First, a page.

Ryan McDonagh was being cross-examined by the assembled media late Sunday afternoon, a few minutes after the Rangers' Lost Weekend had come to an end.
New York had dropped consecutive 4-2 and 5-2 decisions to the Bruins and Capitals, and the captain was answering decidedly pointed questions about his team as the playoffs draw near.
"Our preparation and our focus and our execution definitely has to be better," McDonagh said. "We've proven we can do it. It's a matter of getting off to a good start and slowly building your confidence. There is no question this team can compete with anybody and win on any given night. It's just a matter of us getting to our game and our strength of our game on a consistent basis."
Indeed, as the Metropolitan Division leaders begin the final seven games of this season starting Tuesday night in Winnipeg, the Rangers find themselves having split their last six contests. In that stretch, the Rangers have allowed three goals a game while scoring 21 times. Further examination shows the league's third best team has only connected on one of its last 10 power plays despite the presence of McDonagh, Rick Nash, Dan Boyle, Keith Yandle, Martin St. Louis, Derek Stepan, amongst others, on the man advantage units.
By any standard, it's not an ideal blueprint for a team with Stanley Cup aspirations.
"I don't think we had enough shots," said Nash, after the Rangers were outshot 31-25 by the Capitals. "Everything opens up after a shot. That didn't happen.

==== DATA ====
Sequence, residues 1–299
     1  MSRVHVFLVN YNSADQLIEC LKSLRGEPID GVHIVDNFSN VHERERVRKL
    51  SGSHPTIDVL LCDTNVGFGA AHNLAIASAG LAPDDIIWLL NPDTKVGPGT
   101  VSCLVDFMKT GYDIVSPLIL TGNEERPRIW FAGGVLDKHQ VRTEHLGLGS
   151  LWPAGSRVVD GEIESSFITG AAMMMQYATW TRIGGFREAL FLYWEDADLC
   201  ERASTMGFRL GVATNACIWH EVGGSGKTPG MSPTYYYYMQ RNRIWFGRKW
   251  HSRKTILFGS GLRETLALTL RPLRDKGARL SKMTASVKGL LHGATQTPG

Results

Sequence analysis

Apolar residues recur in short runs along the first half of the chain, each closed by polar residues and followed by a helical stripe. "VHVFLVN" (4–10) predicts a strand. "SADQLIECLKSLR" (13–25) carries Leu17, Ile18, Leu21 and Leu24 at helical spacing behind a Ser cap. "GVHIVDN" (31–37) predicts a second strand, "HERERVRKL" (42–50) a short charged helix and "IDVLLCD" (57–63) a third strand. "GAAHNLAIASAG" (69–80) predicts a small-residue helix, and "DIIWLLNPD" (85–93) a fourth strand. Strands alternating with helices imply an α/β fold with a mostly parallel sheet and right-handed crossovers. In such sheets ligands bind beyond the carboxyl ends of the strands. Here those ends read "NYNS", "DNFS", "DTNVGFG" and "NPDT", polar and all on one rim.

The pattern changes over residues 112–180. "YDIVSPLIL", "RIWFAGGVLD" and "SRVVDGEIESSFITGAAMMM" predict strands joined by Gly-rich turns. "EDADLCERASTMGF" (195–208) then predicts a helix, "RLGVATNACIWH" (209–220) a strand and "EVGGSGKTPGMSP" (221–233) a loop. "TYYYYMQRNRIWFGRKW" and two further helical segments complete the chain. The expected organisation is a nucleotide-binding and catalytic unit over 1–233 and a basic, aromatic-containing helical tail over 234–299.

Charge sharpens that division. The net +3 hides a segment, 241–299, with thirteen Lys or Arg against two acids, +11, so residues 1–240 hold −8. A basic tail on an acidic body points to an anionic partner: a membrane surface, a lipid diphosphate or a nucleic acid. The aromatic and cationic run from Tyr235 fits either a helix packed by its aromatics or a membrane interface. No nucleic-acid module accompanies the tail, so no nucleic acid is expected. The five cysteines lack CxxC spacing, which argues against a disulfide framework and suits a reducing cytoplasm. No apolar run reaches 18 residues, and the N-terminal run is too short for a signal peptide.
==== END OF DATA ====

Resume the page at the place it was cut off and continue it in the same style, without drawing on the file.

"We're just not playing our system. When we're playing well, we're getting pucks deep [and not committing] turnovers. I can tell just watching from the bench there are a lot of turnovers. We're making it hard on ourselves."
So the question becomes one of how and when to correct flaws, measured against the importance of achieving the tangible goal of home ice in the playoffs. The Rangers clinched a berth with their 5-1 win over Ottawa on Mar. 26, but find themselves in a race with Montreal and Tampa Bay for home ice advantage throughout the Eastern Conference Playoffs. The Rangers and Lightning each have 101 points, while Montreal has a conference-best 102.
The Rangers have two games in hand on Montreal and Tampa, both of whom entered Tuesday having played 77 games this season.
"In my estimation and I'm sure in my players' estimation, there is a lot to play for," Alain Vigneault said. "We are playing for home ice advantage, we haven't secured that. You also want to go into the playoffs playing the right way. [There was] a lot of hockey on our plate this week. I am not using that as an excuse, but it's the reality of the situation. We [seemed] to come up short a couple times [against Boston and Washington, so we] just need to refocus and get ready for Winnipeg."